General Meeting NB Members Authorized Inspection Agencies Owner-User Inspection Organizations Review Team Leaders Test Lab
 

  Email      Print
   Technical Articles
A Boiler: The Explosive Potential of a Bomb
Acoustic Emission Examination of Metal Pressure Vessels
Anatomy of a Catastrophic Boiler Accident
Austenitic Stainless Steel
Auto-Refrigeration
Basic Weld Inspection - Part 1
Basic Weld Inspection - Part 2
Black Liquor Recovery Boilers - An Introduction
Boiler Efficiency and Steam Quality: The Challenge of Creating Quality Steam Using Existing Boiler Efficiencies
Boiler Logs Can Reduce Accidents
Boiler/Burner Combustion Air Supply Requirements and Maintenance
Carbon Monoxide Poisoning Preventable With Complete Inspection
Combustion Air Requirements:The Forgotten Element In Boiler Rooms
Creep and Creep Failures
Description of Construction and Inspection Procedure for Steam Locomotive and Fire Tube Boilers
Ensuring Safe Operation Of Vessels With Quick-Opening Closures
Environmental Heat Exchangers
Factors Affecting Inservice Cracking of Weld Zone in Corrosive Service
Failure Avoidance in Welded Fabrication
Finite Element Analysis of Pressure Vessels
Fuel Ash Corrosion
Fuel Firing Apparatus - Natural Gas
Grain Boundaries
Heat Treatment - What Is It?
How to Destroy a Boiler -- Part 1
How to Destroy a Boiler -- Part 2
How to Destroy a Boiler -- Part 3
Identifying Pressure Vessel Nozzle Problems
Inspection, Repair, and Alteration of Yankee Dryers
Inspection, What Better Place to Begin
Laminations Led to Incident
Lay-up of Heating Boilers
Liquid Penetrant Examination
Low Voltage Short Circuiting-GMAW
Low Water Cut-Off Technology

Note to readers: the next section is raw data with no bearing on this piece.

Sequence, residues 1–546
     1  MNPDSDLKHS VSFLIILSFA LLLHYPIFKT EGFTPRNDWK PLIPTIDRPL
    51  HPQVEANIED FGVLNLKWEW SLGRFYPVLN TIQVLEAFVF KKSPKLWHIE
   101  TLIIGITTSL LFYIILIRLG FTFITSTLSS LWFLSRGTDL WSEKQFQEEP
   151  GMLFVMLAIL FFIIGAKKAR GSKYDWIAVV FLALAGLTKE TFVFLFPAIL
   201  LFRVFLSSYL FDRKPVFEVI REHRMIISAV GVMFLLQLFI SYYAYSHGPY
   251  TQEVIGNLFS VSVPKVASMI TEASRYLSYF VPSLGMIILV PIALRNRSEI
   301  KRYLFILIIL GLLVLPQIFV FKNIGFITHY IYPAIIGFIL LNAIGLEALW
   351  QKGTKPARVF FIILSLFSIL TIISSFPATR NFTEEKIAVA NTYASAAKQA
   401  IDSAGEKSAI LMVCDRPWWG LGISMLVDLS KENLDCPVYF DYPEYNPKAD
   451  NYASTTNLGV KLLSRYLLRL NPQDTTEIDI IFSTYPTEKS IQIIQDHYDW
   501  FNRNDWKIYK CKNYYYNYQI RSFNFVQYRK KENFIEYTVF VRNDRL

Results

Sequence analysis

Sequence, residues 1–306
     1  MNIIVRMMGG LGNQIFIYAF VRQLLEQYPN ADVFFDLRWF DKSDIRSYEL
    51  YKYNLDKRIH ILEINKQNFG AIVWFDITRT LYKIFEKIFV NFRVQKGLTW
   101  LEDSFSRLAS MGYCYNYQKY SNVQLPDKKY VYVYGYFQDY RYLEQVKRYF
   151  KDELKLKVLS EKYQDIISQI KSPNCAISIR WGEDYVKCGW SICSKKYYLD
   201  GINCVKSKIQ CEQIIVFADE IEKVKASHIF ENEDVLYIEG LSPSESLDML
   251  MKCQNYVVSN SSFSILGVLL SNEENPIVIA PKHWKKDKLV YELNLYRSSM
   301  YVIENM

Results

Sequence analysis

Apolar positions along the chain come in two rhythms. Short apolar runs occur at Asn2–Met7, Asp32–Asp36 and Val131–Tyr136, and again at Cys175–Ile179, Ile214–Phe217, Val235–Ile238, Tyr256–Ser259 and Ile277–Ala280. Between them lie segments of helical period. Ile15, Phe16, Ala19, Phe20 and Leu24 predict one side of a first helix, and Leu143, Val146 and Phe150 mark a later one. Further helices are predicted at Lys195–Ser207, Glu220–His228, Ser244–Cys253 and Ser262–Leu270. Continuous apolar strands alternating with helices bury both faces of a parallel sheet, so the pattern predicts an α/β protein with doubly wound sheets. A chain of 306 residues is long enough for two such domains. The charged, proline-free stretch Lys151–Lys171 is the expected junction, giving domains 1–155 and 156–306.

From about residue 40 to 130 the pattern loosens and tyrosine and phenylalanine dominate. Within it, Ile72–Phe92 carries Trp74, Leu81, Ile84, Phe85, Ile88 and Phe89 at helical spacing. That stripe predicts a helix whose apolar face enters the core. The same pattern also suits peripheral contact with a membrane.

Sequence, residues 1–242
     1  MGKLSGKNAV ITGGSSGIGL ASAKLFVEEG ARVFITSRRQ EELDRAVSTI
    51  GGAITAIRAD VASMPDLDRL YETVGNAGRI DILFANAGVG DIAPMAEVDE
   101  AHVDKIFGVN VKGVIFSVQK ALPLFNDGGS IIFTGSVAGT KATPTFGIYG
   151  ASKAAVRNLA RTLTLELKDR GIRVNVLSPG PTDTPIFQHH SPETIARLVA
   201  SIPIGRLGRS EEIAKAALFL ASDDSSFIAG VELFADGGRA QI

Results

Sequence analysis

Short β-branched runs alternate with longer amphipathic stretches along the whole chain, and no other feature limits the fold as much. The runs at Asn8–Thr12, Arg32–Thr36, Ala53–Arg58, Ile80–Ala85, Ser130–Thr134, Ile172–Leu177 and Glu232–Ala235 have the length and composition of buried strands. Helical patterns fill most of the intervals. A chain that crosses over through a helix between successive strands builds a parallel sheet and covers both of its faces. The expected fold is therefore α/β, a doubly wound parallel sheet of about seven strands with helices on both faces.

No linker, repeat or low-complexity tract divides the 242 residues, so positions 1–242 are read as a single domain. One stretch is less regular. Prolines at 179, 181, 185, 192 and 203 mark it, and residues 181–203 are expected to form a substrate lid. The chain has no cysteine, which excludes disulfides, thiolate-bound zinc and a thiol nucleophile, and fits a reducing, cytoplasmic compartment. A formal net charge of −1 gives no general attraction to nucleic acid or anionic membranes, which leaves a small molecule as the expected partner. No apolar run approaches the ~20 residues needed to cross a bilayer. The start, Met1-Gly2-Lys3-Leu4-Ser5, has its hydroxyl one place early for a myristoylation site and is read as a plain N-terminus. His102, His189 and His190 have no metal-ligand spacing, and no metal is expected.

Low-Water Cutoff: A Maintenance Must
Magnetic Particle Examination
Maintaining Proper Boiler Inspections Through Proper Relationships
Microstructural Degradation
Miracle Fluid?
Organizing A Vessel, Tank, and Piping Inspection Program
Paper Machine Failure Investigation: Inspection Requirements Should Be Changed For Dryer Can
Pipe Support Performance as It Applies to Power Plant Safety and Reliability
Polymer Use for Boilers and Pressure Vessels
Pressure Vessel Fatigue
Pressure Vessels: Analyzing Change
Preventing Corrosion Under Insulation
Preventing Steam/Condensate System Accidents
Proper Boiler Care Makes Good Business Sense:Safety Precautions for Drycleaning Businesses
Putting a Stop to Steam Kettle Failure
Quick Actuating Closures
Quick-Actuating Door Failures
Real-Time Radioscopic Examination
Recommendations For A Safe Boiler Room
Recovering Boiler Systems After A Flood
Rendering Plants Require Safety
Repair or Alteration of Pressure Vessels
Residential Water Heater Safety
School Boiler Maintenance Programs: How Safe Are The Children?
Secondary Low-Water Fuel Cutoff Probe: Is It as Safe as You Think?
Short-Term High Temperature Failures
Specification of Rupture Disk Burst Pressure
Steam Traps Affect Boiler Plant Efficiency
Steps to Safety: Guide for Restarting Boilers after Summer Lay-Up
Stress Corrosion Cracking of Steel in Liquefied Ammonia Service - A Recapitulation
Suggested Daily Boiler Log Program
Suggested Maintenance Log Program
System Design, Specifications, Operation, and Inspection of Deaerators
Tack Welding
Temperature And Pressure Relief Valves Often Overlooked
Temperature Considerations for Pressure Relief Valve Application
The Authorized Inspector's Responsibility for Dimensional Inspection
The Effects of Erosion-Corrosion on Power Plant Piping
The Forgotten Boiler That Suddenly Isn't
The Trend of Boiler/Pressure Vessel Incidents: On the Decline?
The Use of Pressure Vessels for Human Occupancy in Clinical Hyberbaric Medicine
Thermally Induced Stress Cycling (Thermal Shock) in Firetube Boilers
Top Ten Boiler and Combustion Safety Issues to Avoid
Typical Improper Repairs of Safety Valves
Wasted Superheat Converted to Hot, Sanitary Water
Water Maintenance Essential to Prevent Boiler Scaling
Water Still Flashes to Steam at 212
Welding Consideration for Pressure Relief Valves
Welding Symbols: A Useful System or Undecipherable Hieroglyphics?
What Should You Do Before Starting Boilers After Summer Lay-Up?
Why? A Question for All Inspectors


Recovering Boiler Systems After A Flood


August 1993 Infoletter  

Category: Operations

Summary: The following article is a part of the National Board Classic Series, and it was published in the National Board BULLETIN. (3 printed pages)